We just found one of the rarest stars in the galaxy: ScienceAlert

A newly discovered star just 773 light-years away belongs to one of the rarest classes in the Milky Way.

J1912-4410 is a white pulsar, a type of star so rarely seen that only one other star is known in the entire galaxy. His discovery confirms that these stars exist in a class of their own, and gives us a new tool for interpreting not only the evolution of stars but also strange signals detected throughout the Milky Way that defy conventional explanation.

The discovery seems to confirm that the white dwarf’s magnetic field is generated by an internal dynamo, similar to the method Earth’s liquid core generates its magnetic field But in a more powerful way.

“The origin of magnetic fields is a big open question in many areas of astronomy, and this is especially true of white dwarf stars,” explains astrophysicist Ingrid Pelisoleli from the University of Warwick in the UK.

“Magnetic fields in white dwarfs can be up to a million times stronger than the magnetic field of the Sun, and the dynamo model helps explain why. The discovery of J1912-4410 provided a crucial step forward in this field.”

Traditionally, pulsars are a type of dead star called neutron stars. They are the remains of stars between about 8 and 30 times massive that have run out of hydrogen fuel to fuse in their cores. The star ejects its outer matter, and the core, no longer supported by the outward pressure of fusion, collapses under the action of gravity into a superdense body.

In the case of a pulsar, the neutron star spins rapidly, down to millisecond scales, while beams of electromagnetic radiation, generated by the rapid rotation and strong magnetic field, erupt from the magnetic poles. As the star rotates, these rays cross our field of view like a cosmic beacon, making the star appear to pulsate.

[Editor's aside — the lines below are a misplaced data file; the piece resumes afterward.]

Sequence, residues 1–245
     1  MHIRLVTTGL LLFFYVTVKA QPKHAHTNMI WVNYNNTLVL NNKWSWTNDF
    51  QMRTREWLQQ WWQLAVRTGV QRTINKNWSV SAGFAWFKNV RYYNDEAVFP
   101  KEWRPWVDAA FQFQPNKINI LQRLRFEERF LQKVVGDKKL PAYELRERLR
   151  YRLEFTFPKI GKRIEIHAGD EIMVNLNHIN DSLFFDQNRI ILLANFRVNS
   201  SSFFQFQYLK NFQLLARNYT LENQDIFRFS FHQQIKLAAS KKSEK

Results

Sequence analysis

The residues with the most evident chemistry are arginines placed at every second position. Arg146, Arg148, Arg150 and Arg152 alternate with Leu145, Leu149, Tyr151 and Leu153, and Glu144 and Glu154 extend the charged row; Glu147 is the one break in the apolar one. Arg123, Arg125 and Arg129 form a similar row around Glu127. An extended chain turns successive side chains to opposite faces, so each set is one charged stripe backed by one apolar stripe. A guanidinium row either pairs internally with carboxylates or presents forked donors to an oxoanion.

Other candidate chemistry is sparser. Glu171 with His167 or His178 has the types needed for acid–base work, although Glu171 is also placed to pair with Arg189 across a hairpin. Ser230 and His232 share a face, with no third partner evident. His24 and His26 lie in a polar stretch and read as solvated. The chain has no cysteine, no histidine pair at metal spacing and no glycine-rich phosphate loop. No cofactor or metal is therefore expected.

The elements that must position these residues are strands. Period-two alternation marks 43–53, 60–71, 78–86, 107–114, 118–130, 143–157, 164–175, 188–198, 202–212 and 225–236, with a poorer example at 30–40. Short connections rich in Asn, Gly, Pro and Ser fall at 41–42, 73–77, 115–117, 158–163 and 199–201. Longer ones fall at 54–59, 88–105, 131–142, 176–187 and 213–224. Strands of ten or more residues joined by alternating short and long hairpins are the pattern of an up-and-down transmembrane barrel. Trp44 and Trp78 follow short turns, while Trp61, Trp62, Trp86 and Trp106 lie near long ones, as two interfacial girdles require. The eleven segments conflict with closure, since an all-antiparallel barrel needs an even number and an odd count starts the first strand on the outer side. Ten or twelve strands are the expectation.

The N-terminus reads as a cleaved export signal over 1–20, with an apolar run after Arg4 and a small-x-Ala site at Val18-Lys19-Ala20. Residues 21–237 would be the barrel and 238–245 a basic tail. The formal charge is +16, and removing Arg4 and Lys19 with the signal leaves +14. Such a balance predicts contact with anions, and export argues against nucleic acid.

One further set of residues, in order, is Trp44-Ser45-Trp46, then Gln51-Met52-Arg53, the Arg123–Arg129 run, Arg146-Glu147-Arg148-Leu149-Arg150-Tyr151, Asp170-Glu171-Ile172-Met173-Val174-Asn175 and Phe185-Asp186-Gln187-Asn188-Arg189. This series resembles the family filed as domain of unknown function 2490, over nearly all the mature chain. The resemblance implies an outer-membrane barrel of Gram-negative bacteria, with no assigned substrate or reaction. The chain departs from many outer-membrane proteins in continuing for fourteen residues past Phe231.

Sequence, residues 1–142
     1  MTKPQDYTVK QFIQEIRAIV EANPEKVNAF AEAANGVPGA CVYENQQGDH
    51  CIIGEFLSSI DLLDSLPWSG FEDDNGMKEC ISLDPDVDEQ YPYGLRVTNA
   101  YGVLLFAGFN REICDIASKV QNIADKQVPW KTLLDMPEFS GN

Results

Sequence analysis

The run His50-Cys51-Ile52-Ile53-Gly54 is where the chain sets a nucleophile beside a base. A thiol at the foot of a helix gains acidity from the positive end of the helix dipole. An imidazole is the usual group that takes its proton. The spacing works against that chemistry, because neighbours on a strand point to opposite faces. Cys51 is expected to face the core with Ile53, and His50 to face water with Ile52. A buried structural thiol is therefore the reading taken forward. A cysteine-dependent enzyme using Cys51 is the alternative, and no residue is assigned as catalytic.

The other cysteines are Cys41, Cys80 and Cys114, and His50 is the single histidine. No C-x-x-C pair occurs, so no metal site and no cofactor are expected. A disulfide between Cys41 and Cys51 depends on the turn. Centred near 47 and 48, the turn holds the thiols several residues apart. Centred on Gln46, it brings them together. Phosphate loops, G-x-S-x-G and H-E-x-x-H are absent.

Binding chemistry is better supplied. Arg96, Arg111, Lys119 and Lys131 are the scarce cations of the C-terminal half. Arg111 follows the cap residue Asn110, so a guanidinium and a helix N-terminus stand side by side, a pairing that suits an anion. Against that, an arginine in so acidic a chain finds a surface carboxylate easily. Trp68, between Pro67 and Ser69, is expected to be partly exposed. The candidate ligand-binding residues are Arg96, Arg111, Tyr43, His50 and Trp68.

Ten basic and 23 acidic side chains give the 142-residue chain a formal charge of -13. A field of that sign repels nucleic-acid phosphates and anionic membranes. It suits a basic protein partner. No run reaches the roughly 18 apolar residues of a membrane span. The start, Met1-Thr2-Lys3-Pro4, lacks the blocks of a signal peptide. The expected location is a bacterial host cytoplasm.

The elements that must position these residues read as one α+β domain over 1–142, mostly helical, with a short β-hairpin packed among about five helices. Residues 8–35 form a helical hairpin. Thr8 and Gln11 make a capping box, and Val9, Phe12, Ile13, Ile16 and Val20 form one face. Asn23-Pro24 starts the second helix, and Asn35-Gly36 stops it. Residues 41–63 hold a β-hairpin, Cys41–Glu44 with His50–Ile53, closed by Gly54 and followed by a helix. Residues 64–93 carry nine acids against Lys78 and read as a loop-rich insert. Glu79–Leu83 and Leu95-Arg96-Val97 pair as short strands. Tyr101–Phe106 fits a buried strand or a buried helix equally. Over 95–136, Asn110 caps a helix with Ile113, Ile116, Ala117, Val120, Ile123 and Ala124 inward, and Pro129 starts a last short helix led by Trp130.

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White dwarfs are a similar type of star remnant. They are the collapsed cores of dead stars under about 8 solar masses. They are less massive than neutron stars and have larger radii. As far as we know until a few years ago, they didn’t seem to turn into pulsars.

Then, in 2016, astronomers found what they called the first white dwarf pulsar, a star named AR Scorpii. AR Scorpii is a bit different than a traditional pulsar. It is a white dwarf in a binary system with a red dwarf star. As it spins, its beams sweep across the red dwarf, causing it to shine across multiple wavelengths on regular 1.97-minute timeframes; The pulses we see are not directly from the white dwarf’s rays, but from the effect of those beams on the red dwarf’s companion.

However, the AR Scorpii system has challenged our understanding of white dwarfs, with a spin rate normally achieved only by transferring mass from the red dwarf, causing the white dwarf to spin faster. However, the white dwarf’s spin rate indicates a strong magnetic field, which would require a large amount of mass to be transferred to reach the white dwarf’s amazing spin rate.

One possible explanation These are the changes that white dwarfs go through as they cool and crystallize. The white dwarf AR Scorpii likely started without a magnetic field, which allowed its spin rate to increase as it slowly stole mass from the red dwarf.